Antonio Querido, the Food and Agriculture Organization of the United Nations (FAO) Representative in Uganda, tweeted about their ongoing efforts to combat Foot-and-Mouth Disease (FMD) through a risk-based control approach. “Risk-based control is the most effective approach to combat Foot-and-Mouth Disease. By focusing surveillance efforts and control measures where the risk is highest, we can maximize intervention impact and minimize disease spread,” tweeted Antonio Querido on March 27, 2024.

According to the  Foot-and-Mouth Disease Gap Analysis Workshop Report 2022, Uganda’s efforts to control Foot-and-Mouth Disease (FMD) have faced significant challenges despite widespread vaccination campaigns. Factors such as wildlife reservoirs, uncontrolled movements of animals, and the inefficacy of vaccines have contributed to the persistence of various FMDV strains within the country. Outbreaks in Uganda are especially prevalent near the Tanzanian border, where the expense and scarcity of vaccines have resulted in low vaccination rates among smallholder farmers.

FMD is a notifiable disease, mandating reporting within 48 hours of an outbreak. Farmers and animal handlers are legally obligated to report outbreaks promptly, triggering clinical investigations and rapid response measures, including ring vaccination. A presentation delivered by Dr. Chris Rutebarika an Animal Health Consultant noted FMD poses a substantial barrier to market access and the development of Uganda’s livestock industry. Its effects extend beyond direct losses, including reduced weight gain, milk production, and reproductive issues, alongside diminished draught power. The lack of incentives to adhere to control measures further compounds the challenge posed by FMD.

Foot and Mouth Disease (FMD) is a persistent challenge in Uganda, with a history dating back to its first confirmation in 1953. Since then, various control measures have been implemented, alongside ongoing serological and molecular research since approximately 2006. Despite efforts, FMD remains endemic, necessitating further studies to establish cost-effective control strategies. 

Dr. Chris Rutebarika’s presentation delivered during the Global Foot-and-Mouth Disease Research Alliance meeting further shows that several factors complicate FMD control in Uganda. The absence of a specific FMD control policy and the presence of susceptible wildlife, acting as reservoirs, contribute to its persistence. Inadequate regulation of animal movement, both domestically and across borders, exacerbates the challenge. Additionally, the use of improper vaccines and the wide host range of FMD further complicate control efforts.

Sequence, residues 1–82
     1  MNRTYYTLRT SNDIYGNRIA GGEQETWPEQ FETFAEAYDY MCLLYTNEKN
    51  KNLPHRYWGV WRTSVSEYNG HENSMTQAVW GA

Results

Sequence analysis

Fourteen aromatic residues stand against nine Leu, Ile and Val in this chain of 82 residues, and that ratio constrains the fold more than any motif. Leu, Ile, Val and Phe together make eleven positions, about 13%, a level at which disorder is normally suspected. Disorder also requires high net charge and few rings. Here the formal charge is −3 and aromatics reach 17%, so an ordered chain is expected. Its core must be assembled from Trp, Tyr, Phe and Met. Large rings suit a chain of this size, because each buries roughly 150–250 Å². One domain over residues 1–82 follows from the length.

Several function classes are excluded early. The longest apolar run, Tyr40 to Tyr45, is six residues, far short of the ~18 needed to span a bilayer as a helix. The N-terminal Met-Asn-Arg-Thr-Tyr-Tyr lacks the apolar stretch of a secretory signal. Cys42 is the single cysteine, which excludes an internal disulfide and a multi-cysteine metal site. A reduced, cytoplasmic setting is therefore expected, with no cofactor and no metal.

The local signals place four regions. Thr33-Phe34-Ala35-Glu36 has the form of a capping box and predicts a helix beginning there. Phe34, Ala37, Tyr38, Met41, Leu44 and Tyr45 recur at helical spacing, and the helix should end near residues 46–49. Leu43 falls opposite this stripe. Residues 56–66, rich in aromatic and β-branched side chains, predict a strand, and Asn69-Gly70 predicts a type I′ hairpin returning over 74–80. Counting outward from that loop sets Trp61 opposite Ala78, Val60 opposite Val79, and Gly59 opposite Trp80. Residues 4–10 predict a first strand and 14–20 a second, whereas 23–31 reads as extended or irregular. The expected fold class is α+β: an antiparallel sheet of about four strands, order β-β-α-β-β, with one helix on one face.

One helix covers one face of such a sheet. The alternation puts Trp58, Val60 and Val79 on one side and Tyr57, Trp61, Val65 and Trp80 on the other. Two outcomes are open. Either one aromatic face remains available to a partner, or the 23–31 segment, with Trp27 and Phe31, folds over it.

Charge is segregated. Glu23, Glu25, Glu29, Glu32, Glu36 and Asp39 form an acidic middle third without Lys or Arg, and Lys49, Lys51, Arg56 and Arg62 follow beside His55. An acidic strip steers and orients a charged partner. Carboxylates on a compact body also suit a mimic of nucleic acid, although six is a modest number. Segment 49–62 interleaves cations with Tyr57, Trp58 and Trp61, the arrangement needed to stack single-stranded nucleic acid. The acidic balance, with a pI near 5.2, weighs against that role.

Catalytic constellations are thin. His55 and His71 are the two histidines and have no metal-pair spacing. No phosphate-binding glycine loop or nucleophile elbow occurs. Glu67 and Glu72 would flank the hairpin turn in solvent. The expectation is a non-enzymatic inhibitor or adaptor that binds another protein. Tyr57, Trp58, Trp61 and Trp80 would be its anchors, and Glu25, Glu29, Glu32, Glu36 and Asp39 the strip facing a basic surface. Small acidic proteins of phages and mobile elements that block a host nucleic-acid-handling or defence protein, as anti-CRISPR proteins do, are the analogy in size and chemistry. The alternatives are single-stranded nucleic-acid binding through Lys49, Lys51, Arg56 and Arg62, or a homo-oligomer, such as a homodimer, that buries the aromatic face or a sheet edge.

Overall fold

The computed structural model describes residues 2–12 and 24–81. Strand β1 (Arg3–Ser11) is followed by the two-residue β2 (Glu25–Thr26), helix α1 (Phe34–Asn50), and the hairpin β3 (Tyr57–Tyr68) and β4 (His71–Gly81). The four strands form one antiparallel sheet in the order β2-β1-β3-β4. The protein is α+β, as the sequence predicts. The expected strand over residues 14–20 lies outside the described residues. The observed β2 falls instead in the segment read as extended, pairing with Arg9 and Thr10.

Uganda employs a multi-disciplinary approach to FMD control, encompassing early detection, movement control, quarantine restrictions, and vaccination with a trivalent vaccine covering the most common serotypes. The focus is primarily on cattle due to their socioeconomic significance and clinical susceptibility. Efforts extend to other livestock species as their importance increases in various farming systems.

The government has taken decisive steps to control and eradicate Foot and Mouth Disease (FMD) in Uganda, with a focus on both immediate and long-term strategies. Firstly, immediate action includes the approval of sourcing 10 million doses of FMD vaccine to expand ring vaccination efforts in affected and high-risk neighbouring districts. Additionally, plans have been approved to establish a revolving fund, enabling regular procurement of sufficient vaccine stocks to support bi-annual vaccination campaigns for susceptible domestic animals nationwide.

Furthermore, a policy proposition has been endorsed, requiring farmers to cover the cost of vaccines, while the government will bear expenses related to vaccine administration, transportation, and storage. As the revolving fund becomes operational and vaccine stocks become available, mandatory vaccination of all susceptible domestic animals will be enforced, with proof of vaccination becoming a prerequisite for animal trade.

The Minister of Agriculture, Animal Industry, and Fisheries, urges fellow livestock farmers and stakeholders to recognize and support these initiatives as part of our collective efforts to eliminate FMD from Uganda, akin to the successful eradication of other animal diseases such as rinderpest.